The purpose of this study was to evaluate the acceptance of patients to outpatient diagnostic hysteroscopy, measured by a verbal pain scale, and compliance to undergo the same exam again, if necessary.


A prospective observational cohort study conducted at Hospital do Servidor Público Estadual “Francisco Morato de Oliveira” (HSPE-FMO), a public teaching hospital in São Paulo, Brazil, from April 1st, 2005 to July 21th, 2006 included women referred to the Department of Endoscopic Gynecology, with an indication to undergo hysteroscopy (suspected endometrial pathologies), who met the inclusion criteria: age over 18 years, without contraindications to the exam and that agreed to join the study by signing an informed consent form.

All exams were performed by one of the two experienced physicians, without analgesia or anesthesia, in an appropriate outpatient office. The procedure was performed with the standard approach, beginning with the patient in lithotomy position with exposure of the cervix with speculum and traction of the anterior lip with a tenaculum. A Storz Hamou II rod lens rigid hysteroscope (4 mm optics, 30˚, within a 5 mm sheath) was inserted under direct vision into the uterine cavity. Carbon dioxide was the distention media with pressure controlled by a hysteroflator maintaining 50 to 75 mmHg with 50 ml/min flow rate. The image was transmitted in real time to a monitor, allowing physicians, nurses and patient to watch the exam. An endometrial sample was obtained only when necessary (hysteroscopic findings of some disease), and it was oriented and performed with a 3- to 5-mm Novak curette at the end.

Before the beginning of the procedure, all patients answered a questionnaire about the exam, if they knew why it was indicated, how it would be done, and how much pain they supposed it might cause. Immediately after the procedure, the patients were asked again about pain they experienced during the exam and if they would agree to repeat the exam if necessary. The pain score was quantified using a verbal pain scale graduated from 0 (no pain) to 10 (the worst pain ever), when a score of 0 to 4 indicated a minimal pain, 5 to 7 moderate pain and 8 to 10 indicated severe pain.

A sample calculation was done considering an standard deviation of 2.7 points(6), to detect the minimum variation in the verbal pain scale (1.0) with statistical significance defined as p = 0.05 and study power of 95%. It resulted in 43 patients so we had 58 patients randomly assigned by convenience.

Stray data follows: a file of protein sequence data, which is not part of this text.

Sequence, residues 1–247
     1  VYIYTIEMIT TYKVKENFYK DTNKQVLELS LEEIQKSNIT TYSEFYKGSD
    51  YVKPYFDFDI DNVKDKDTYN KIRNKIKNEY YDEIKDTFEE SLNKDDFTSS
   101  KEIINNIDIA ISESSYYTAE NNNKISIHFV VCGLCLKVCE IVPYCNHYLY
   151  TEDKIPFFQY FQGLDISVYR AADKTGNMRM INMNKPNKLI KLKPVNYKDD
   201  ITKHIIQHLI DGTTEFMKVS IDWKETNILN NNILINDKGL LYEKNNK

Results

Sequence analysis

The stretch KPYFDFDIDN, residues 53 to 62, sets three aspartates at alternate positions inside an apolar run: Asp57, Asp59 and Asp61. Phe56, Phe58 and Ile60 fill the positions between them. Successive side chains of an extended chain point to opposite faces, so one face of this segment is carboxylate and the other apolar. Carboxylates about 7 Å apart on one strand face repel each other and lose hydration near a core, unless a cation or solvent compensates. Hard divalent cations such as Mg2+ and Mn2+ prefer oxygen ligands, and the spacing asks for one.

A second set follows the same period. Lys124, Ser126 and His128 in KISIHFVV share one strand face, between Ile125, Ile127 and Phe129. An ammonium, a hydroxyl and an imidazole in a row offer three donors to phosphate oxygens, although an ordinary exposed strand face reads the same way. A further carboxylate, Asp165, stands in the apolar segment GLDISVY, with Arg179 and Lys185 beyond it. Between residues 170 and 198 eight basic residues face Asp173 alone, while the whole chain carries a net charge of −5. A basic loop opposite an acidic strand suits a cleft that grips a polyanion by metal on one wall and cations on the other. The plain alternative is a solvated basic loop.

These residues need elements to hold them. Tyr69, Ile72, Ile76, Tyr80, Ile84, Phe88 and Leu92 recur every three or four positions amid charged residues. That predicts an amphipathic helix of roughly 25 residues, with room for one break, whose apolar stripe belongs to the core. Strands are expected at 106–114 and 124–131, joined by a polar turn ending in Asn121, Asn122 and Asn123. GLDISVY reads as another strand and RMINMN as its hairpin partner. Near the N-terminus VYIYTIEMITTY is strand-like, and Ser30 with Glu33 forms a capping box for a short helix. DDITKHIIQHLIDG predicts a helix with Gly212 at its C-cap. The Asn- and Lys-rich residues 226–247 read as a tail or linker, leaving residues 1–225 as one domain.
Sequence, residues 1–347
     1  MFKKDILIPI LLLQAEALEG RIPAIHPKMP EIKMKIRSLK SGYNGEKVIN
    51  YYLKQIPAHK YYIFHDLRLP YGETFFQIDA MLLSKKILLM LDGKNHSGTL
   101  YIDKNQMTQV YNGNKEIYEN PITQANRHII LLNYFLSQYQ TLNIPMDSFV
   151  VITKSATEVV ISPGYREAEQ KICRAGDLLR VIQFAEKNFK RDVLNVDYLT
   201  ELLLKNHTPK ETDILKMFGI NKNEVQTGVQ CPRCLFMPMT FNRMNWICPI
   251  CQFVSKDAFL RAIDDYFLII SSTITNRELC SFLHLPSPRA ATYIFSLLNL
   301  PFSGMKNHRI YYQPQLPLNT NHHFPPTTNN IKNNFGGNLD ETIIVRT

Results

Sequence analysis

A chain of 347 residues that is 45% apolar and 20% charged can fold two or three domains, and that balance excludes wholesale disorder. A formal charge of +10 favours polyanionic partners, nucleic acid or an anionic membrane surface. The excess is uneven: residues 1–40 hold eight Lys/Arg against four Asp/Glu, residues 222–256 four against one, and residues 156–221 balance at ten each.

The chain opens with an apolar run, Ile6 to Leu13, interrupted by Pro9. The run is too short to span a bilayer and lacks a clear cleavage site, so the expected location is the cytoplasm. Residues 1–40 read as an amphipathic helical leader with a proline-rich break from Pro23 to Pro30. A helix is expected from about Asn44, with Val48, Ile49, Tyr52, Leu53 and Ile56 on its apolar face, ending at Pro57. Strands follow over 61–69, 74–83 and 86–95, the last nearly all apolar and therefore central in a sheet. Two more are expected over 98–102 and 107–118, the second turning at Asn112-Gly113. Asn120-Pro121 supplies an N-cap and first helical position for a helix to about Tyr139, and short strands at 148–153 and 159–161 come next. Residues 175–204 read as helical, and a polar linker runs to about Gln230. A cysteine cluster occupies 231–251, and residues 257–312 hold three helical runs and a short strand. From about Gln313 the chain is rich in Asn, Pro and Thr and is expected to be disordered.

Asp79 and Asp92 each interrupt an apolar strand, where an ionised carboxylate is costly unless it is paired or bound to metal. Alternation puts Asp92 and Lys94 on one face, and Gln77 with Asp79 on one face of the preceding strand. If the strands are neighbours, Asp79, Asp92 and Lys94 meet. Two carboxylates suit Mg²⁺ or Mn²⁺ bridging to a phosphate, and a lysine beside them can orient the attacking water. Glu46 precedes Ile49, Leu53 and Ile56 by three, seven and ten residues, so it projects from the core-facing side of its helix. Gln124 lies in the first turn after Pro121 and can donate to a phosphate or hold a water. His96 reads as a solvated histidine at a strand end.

The variables studied included age, number of pregnancies, parity, postmenopause status, presence of a previous vaginal delivery, presence of previous uterine surgery (including cesarean section, curettage, conization and hysteroscopic surgeries), need of endometrial sampling, satisfaction with the exam and the pain score. All data were analyzed with software Statistical Package for the Social Sciences (SPSS) 15.0. Quantitative variables were first evaluated for their homogeneity and distribution; median, mean and standard deviation were defined. The absolute and relative frequencies of qualitative variables were assessed. Student's t-test was used to compare the means in independent samples.

The Research Ethics Committee of the HSPE-FMO approved this study.


The study included 58 patients with characteristics listed in table 1. The mean age was 53 years, 33.3% were at postmenopausal status, none of them using hormonal replacement therapy. Two patients (3.4%) were nulliparous and were excluded from the parity mean calculation. The mean number of pregnancies was 2.81 (ranging from 1 to 13) and the mean number of deliveries was 2.37 (ranging from 1 to 5). As to the type of delivery, 58.9% had at least one cesarean section and 66.1% at least one vaginal delivery. Previous uterine surgeries were present in 60.3% and endometrial biopsies were performed in 32 patients (62.1%).

Table 1 Characteristics of patients and outpatient hysteroscopy (n = 58), HSPE, São Paulo 2005-2006 

Characteristics Mean (standard deviation, range)
Age (years) 50.93 (12.6; 21-86)
Gestational history
Pregnancy* 2.81 (1.75; 1-13)
Parity* 2.37 (1.07; 1-5)
Duration of menopause (years)† 16 (11.41; 1-41)
*Excluding nulliparous (n = 56); †including only postmenopausal status (n = 19)
Characteristics n (%)
Nulliparous 2 (3.3)
Genital status
Postmenopausal 19 (32.8)
Premenopausal 38 (67.2)
Previous vaginal delivery (one or more)* 37 (63.8)
Previous C-section (one or more)* 33 (58.9)
Previous uterine surgery 35 (60.3)
Previous hysteroscopy 10 (17.2)
Knows how the exam is done 14 (24.1)
Need of biopsy 36 (62.1)
Technical difficulty 10 (17.2)
Satisfactory exam 52 (89.7)
Patient acceptance to repeat the exam 53 (91.4)

n = 58

*Excluding nulliparous, n = 56

Only 16 (24.1%) women knew how the exam would be done but 54 (93.1%) thought it would be important to help define the diagnosis. The exam was considered satisfactory in 52 (89.7%) patients, and 53 (91.4%) women said that they would repeat the exam if necessary.

The pain score was similar before and after the exam, with mean pain expected of 6.05 (SD = 2.39) and mean reported pain of 6.1 (SD = 2.34), p = 0.91 (non significant). Patients were stratified according to possible pain determinant factors (table 2). When stratified by postmenopausal status, the mean pain scores were 6.47 before and 5.81 after the exam with a difference that was not statistically significant. There was also no difference in patients with a history of uterine surgery. The need for biopsy changed the mean pain score from 5.3 to 6.38 (p = 0.06), with a trend to increase but still not significant.

Table 2 Mean pain scale after hysteroscopy stratified by characteristics of patients and of the exam. HSPE, Sao Paulo, 2005-2006 

Characteristics Mean pain scale (verbal analogue scale 0-10)
Yes No p value*
Agreement to repeat the exam 5.79 9.40 0.003
Previous vaginal delivery(s) 5.54 7.10 0.03
Postmenopausa 6.47 5.81 0.08
Previous hysteroscopy 7.30 5.85 0.12
Knows how the exam is done 5.42 6.31 0.28
Need of biopsy 6.39 5.64 0.30
Previous uterine surgery 5.60 6.15 0.66

*Student's t test (two-tailed), significance considered p < 0.05